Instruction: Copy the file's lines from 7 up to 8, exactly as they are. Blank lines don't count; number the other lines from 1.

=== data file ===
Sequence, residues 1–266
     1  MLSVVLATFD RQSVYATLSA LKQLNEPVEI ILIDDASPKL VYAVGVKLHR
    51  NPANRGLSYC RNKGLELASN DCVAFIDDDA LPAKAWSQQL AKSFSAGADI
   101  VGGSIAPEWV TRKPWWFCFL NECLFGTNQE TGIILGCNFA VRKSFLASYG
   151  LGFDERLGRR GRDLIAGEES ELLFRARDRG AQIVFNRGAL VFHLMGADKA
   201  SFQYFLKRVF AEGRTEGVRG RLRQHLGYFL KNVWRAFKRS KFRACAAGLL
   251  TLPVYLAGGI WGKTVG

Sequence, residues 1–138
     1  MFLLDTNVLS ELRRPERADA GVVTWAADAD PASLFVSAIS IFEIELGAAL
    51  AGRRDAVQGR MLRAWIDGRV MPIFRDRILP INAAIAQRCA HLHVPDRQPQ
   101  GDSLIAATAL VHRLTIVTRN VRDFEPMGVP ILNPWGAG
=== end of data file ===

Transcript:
   251  TLPVYLAGGI WGKTVG

Sequence, residues 1–138